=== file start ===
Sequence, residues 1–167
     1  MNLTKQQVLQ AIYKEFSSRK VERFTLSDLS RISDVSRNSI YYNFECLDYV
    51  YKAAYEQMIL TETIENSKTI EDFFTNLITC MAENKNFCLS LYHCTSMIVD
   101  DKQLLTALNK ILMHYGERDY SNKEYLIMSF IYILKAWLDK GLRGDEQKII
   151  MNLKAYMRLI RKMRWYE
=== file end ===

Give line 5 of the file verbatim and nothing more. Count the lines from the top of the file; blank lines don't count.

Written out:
   151  MNLKAYMRLI RKMRWYE